Ever since the Gezi Protests, in which traditional and especially government controlled media utterly failed while social media and independent websites excelled, the ruling AKP government seems to try to get back at the internet and rebellious youths in general. Recently, the Erdogan administration struggles with the political opposition, investigating policemen and lawyers, the high courts, prosecuted journalists, army generals demanding retrial, the elusive Gülen movement, etc. The cause for the recent protests was a law granting the government the right to easily block websites. It’s the newest of several restrictive laws passed by the AKP, which appears to know no retreat. Important human rights and economical associations heavily criticise the bill and call for president Gül to veto against it. In the mean time, government controlled media either advertise the bill, or denounce protestors as henchmen of the “Porno Lobby”. To explain the connection your mind probably can’t establish (partially because you’re still busy wondering about the Porno Lobby); porn is illegal in Turkey and porn sites are usually blocked. This is resulting in surprisingly open discussions among foreign exchange students of all origins and either gender focussing on how to get around the blockade mechanisms.

Me and Bermal in Ankara. Because what else would you do in the castle museum than break into their backrooms and try on their shit?

Me and Bermal in Ankara. Because what else would you do in the castle museum than break into their backrooms and take selfies while trying their shit on?

But regardless of Turkey fighting over its future, I enjoyed my stay in Istanbul. I’m not sure if it’s the Erasmus program or the mere size of Istanbul, but you can meet someone new every day if you want to. This luxury is at the same time a curse, since the size of the metropolis also makes it impossible to stay in touch with everybody. Many people criticising the Erasmus program claim that students don’t socialize with natives, and instead just hang out with each other. They say the exchange misses it’s point, but I disagree. First of all, I still had contacts with many lovely Turks. Something I noticed, by the way; countries people emigrate from (Russia, Turkey, East Timor) appear to be more hospitable than countries which experience a lot of immigration (Germany, France). Hungary is kind of in the middle. Back to the topic; even the folks who don’t have many contacts to the natives in their guest nation still meet a lot of foreigners from all different origins. It’s almost inevitable to finish an Erasmus semester without having friends all over Europe. Besides being super awesome for your personal development, even my grandma understands (without me even mentioning something in the likes) that this is a long-term strategy to prevent war such as the one she was born into.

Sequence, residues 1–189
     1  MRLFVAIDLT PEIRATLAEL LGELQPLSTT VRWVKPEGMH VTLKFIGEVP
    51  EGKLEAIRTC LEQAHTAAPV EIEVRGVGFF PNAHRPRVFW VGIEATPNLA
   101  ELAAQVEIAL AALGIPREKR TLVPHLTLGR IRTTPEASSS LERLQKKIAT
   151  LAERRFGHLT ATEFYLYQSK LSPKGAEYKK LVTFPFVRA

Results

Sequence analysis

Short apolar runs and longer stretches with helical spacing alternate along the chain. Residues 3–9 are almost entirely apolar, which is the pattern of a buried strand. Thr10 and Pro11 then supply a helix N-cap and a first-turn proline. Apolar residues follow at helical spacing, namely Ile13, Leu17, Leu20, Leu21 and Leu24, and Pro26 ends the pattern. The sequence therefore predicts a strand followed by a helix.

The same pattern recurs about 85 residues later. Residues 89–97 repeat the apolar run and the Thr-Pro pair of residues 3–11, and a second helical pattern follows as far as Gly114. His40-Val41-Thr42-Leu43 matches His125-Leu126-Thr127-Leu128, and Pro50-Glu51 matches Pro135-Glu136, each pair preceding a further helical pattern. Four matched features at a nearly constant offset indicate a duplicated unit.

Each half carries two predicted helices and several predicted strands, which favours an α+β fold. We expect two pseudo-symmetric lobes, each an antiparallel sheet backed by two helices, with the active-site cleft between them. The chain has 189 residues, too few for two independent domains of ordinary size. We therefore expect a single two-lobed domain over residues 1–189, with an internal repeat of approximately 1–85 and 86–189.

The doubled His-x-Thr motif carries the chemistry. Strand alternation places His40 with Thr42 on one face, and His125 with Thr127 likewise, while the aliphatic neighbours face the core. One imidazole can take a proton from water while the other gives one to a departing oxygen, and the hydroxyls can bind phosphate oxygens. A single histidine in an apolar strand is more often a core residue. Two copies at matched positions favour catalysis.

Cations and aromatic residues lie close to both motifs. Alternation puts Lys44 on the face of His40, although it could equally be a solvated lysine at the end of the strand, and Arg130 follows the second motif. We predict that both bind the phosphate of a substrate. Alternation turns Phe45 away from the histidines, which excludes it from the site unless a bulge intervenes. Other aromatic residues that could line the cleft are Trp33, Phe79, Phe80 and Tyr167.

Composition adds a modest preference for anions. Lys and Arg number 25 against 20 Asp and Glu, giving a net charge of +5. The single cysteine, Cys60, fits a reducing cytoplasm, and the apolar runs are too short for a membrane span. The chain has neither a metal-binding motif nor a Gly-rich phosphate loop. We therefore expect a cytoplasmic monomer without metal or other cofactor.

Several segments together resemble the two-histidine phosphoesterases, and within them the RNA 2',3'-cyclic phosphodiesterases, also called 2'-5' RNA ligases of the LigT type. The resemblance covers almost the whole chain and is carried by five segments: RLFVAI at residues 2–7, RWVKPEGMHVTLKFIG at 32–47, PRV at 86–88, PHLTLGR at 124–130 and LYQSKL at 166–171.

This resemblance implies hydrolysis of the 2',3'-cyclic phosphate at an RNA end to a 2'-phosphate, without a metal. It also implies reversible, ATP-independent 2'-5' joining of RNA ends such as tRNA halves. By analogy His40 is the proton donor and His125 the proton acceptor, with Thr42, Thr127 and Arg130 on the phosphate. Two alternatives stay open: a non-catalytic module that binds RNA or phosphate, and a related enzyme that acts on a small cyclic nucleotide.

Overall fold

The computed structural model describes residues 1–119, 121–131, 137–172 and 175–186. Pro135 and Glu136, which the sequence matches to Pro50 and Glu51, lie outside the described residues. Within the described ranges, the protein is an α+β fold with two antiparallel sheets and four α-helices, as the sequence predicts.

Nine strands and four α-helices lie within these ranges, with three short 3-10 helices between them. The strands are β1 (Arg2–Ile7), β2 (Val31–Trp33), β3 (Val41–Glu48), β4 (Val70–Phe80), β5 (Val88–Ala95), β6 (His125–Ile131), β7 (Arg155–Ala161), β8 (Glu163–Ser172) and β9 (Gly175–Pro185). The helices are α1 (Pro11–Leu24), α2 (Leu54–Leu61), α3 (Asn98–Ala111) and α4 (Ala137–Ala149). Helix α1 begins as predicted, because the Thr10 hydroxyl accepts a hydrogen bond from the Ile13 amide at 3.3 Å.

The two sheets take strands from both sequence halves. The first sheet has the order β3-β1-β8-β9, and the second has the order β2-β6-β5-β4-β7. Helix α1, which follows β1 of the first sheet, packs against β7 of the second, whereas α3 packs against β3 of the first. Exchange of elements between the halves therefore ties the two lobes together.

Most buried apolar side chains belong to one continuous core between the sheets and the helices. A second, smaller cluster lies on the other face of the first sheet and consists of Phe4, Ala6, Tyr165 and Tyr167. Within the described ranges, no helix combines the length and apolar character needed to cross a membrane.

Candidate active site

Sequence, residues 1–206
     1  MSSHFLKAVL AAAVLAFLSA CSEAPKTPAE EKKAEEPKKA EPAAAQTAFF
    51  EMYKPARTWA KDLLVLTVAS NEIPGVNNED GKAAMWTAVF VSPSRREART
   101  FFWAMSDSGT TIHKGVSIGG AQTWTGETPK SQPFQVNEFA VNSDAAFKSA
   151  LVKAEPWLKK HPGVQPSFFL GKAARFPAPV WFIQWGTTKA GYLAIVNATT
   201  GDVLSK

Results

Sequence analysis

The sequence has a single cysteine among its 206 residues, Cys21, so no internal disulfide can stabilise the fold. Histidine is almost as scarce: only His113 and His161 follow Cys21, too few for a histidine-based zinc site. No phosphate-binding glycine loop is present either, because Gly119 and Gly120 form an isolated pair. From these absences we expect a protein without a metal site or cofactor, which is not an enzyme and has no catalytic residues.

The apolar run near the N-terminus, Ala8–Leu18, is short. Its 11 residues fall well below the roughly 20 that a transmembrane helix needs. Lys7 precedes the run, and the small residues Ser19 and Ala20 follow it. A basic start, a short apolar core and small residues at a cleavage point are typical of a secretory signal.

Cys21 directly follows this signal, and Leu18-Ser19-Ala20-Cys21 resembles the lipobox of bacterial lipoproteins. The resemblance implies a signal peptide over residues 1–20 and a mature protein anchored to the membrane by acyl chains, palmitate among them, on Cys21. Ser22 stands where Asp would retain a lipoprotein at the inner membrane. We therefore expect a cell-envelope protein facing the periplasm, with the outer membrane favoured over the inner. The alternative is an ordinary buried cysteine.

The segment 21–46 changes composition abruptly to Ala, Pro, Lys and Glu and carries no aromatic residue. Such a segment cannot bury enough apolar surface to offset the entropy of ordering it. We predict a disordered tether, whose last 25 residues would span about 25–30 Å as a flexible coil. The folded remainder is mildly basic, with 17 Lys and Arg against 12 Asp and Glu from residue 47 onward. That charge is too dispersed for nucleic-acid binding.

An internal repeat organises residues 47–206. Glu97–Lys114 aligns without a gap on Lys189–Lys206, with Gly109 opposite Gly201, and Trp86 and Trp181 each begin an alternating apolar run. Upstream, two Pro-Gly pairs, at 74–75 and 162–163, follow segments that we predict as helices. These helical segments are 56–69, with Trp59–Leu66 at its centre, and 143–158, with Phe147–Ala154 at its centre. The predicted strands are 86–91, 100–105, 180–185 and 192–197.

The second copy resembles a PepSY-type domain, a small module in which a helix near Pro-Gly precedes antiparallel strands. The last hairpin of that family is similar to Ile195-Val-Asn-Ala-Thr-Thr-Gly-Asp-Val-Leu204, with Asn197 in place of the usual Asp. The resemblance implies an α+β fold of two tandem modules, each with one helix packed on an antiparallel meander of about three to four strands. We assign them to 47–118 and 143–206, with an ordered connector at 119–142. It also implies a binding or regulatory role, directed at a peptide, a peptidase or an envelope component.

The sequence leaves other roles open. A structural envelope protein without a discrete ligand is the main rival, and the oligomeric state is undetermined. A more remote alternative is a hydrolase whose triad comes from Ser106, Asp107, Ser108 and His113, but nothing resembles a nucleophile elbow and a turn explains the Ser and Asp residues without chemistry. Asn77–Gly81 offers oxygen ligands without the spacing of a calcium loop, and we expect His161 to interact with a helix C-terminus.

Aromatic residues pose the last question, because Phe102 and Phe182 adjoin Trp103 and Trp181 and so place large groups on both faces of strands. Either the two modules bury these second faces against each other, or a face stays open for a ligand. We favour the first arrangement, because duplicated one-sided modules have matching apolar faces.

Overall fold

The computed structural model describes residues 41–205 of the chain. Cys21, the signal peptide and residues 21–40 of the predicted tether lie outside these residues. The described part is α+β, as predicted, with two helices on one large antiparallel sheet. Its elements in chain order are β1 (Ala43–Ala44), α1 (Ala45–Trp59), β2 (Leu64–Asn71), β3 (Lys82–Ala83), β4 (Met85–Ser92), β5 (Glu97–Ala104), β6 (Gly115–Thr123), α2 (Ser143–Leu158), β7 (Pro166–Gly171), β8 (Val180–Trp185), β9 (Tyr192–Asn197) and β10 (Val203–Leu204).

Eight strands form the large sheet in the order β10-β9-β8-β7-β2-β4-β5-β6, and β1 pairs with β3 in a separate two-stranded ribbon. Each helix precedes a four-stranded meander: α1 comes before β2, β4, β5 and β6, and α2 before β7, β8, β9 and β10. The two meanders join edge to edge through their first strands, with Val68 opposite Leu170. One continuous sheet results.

Oh, and there are so many places I saw I’m not going to forget. My older articles featured astonishing Ephesus. In the later months, I stopped shooting pictures as much. I guess there was just too much to see. Being from Northern Europe, I’m familiar with the idea that ancient ruins are seldom and must be protected. What do we have in Germany? Some Roman bridges and lots of castles (I love castles). In Anatolia, however, masonry was already old at a time in which my ancestors probably spent their days hitting wooden clubs against their heads and being amused by the sound it makes. Ancient walls, amphitheaters, random towers from who knows which era; whenever I read about Alexander the Great, about Byzantine emperors, or the Sultans of the Ottoman Empires, I know that I walked where they walked. I crossed their paths. In some cases, I was inside their homes. I travelled within hours through territories the medieval army of German Emperor Barbarossa needed months to pass. To them, the bald mountain ranges seemed dangerous. To me, they were beautiful.

A random ruin in the side of a cliff. In Kappadokia as well as other areas in Anatolia, those are as common as Döner vendors in a German city.

A random ruin in the side of a cliff. In Cappadocia as well as other areas in Anatolia, those are as common as Döner vendors in a German city.

If you study, go abroad. The personal gains you make are unquestioned; empathy, self-esteem and self-awareness, decision-making abilities, critical thinking, socializing skills, and so on. But that’s nothing against the memories you will collect. Finish the time of your schooling passing through the institutions as fast as possible if that’s what you like. Later in your life, however, it will be nothing than a time of work in which vaguely every day was the same. Go abroad, change your environment, and you will not have one past to look back at, but plenty. After all, how do you even know you’re happy if being content is all you ever strived for?

Recently, I returned to Germany. The first thing I noticed (except for Germans being huge and having edgy faces) was that I apparently travelled through time. In my home city, nothing had changed. I know, many fellow travellers are being pulled into depression by this. I remember a story about a friend who returned from a year of work-and-travel in Australia. Back home, she worked in her kitchen and upon returning a tool to the exact same spot it ever was at, she burst into tears. Non-travellers might not understand this. It’s like you had another life abroad, one to which you will never be able to return to, nor see most of your friends you made again.

I personally developed an own strategy to fight post-travelling sickness; more travelling. Off to Eastern Europe next week.

Me in Cappadocia in autumn. Background: a medieval cloister inside the rocks.

Me in Cappadocia in autumn. Background: a medieval cloister inside the rocks.

On top of Ankara castle. They don't need handrails.

On top of Ankara castle. They don’t need handrails.

Farewell, Byzantine!

Farewell, Byzantine!